All developed countries are deindustrializing: the share of the economy coming from manufacturing is declining, while the share from providing services to others is rising.
Outside of economics classes, people tend to think this is a new development. It isn’t. We’re decades into this process already.
In the United States, manufacturing employed less than 3% of the labor force in the early nineteenth century. After reaching 25-27% in the middle third of the twentieth century, deindustrialization set in, with manufacturing absorbing less than 10% of the labor force in recent years.
What’s new and interesting is that poorer countries are doing it at a lower level of income than the developed countries did. For example, the U.S. started to deindustrialize when real GDP per capita was about 1/3 of what it is now. But places like Brazil are deindustrializing already, at incomes less than half of that.
In Brazil, manufacturing’s share of employment barely budged from 1950 to 1980, rising from 12% to 15%. Since the late 1980’s, Brazil has begun to deindustrialize, a process which recent growth has done little to stop or reverse. India presents an even more striking case: Manufacturing employment there peaked at a meager 13% in 2002, and has since trended down.
And then there’s everyone’s boogeyman, China:
Consider China. In view of its status as the world’s manufacturing powerhouse, it is surprising to discover that manufacturing’s share of employment is not only low, but seems to have been declining for some time. While Chinese statistics are problematic, it appears that manufacturing employment peaked at around 15% in the mid-1990’s, generally remaining below that level since.
We’re not sure this is a good thing:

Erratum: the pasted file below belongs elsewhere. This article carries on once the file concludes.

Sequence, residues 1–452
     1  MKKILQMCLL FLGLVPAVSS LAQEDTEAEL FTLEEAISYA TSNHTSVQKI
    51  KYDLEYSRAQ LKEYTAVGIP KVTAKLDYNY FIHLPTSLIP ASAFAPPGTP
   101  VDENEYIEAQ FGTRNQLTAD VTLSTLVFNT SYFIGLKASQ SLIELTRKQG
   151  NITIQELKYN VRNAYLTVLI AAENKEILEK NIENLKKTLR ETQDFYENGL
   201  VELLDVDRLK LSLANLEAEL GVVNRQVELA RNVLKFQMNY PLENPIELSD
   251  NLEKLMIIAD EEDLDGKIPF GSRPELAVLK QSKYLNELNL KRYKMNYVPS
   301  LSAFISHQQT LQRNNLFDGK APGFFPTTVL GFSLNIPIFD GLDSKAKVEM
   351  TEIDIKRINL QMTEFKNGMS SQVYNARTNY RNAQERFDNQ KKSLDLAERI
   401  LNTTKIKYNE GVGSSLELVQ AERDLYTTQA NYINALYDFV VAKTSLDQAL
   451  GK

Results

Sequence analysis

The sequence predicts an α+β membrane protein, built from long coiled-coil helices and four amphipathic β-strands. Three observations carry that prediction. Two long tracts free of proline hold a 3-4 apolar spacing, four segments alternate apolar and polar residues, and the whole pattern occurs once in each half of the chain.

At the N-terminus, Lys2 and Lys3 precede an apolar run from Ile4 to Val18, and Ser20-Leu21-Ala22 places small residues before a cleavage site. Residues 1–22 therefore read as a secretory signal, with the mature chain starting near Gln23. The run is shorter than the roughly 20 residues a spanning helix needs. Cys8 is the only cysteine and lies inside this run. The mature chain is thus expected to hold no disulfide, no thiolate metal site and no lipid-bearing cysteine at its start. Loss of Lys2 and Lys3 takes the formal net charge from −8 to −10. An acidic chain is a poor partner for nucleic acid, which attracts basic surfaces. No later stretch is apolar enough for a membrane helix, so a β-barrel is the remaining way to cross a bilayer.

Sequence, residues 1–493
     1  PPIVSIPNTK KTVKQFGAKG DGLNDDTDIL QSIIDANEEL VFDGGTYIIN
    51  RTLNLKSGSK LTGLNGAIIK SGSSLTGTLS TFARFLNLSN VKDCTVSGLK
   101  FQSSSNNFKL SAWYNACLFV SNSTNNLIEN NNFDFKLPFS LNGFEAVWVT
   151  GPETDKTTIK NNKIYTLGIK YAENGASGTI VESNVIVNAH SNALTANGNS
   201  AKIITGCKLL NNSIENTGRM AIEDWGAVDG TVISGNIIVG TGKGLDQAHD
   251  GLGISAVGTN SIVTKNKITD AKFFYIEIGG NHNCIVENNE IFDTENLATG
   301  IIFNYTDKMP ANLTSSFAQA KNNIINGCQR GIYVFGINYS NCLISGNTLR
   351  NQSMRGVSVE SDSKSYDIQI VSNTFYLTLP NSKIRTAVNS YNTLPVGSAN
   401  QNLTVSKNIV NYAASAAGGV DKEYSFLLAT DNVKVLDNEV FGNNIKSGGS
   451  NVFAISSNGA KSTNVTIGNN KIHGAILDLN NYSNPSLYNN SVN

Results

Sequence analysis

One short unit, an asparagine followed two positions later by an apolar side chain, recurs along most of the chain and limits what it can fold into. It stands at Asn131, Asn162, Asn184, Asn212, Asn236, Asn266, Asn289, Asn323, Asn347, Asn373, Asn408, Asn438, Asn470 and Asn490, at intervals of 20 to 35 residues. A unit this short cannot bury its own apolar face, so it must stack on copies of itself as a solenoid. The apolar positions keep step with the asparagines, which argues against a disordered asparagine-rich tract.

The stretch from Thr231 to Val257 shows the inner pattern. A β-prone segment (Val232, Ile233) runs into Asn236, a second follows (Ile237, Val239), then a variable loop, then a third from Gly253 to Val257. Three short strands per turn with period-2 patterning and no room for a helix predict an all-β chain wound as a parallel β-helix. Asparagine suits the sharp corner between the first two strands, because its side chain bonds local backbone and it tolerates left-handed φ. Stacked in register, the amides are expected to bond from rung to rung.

An immediate consequence is that developing countries are turning into service economies at substantially lower levels of income. When the US, Britain, Germany, and Sweden began to deindustrialize, their per capita incomes had reached $9,000-11,000 (at 1990 prices). In developing countries, by contrast, manufacturing has begun to shrink while per capita incomes have been a fraction of that level: Brazil’s deindustrialization began at $5,000, China’s at $3,000, and India’s at $2,000.
What are the long-term implications? We’re not sure:
… On the economic front, it is clear that early deindustrialization impedes growth and delays convergence with the advanced economies. Manufacturing industries are what I have called “escalator industries”: labor productivity in manufacturing has a tendency to converge to the frontier, even in economies where policies, institutions, and geography conspire to retard progress …
The social and political consequences are less fathomable, but could be equally momentous. Some of the building blocks of durable democracy have been byproducts of sustained industrialization: an organized labor movement, disciplined political parties, and political competition organized around a right-left axis.
The habits of compromise and moderation have grown out of a history of workplace struggles between labor and capital – struggles that played out largely on the manufacturing shop floor. …
I’m not sure what to make of any of this; even to a trained macroeconomist, this is an angle I haven’t thought about before.
Read the whole thing, entitled “The Perils of Premature Deindustrializaiton” by Dani Rodrik at Project Syndicate.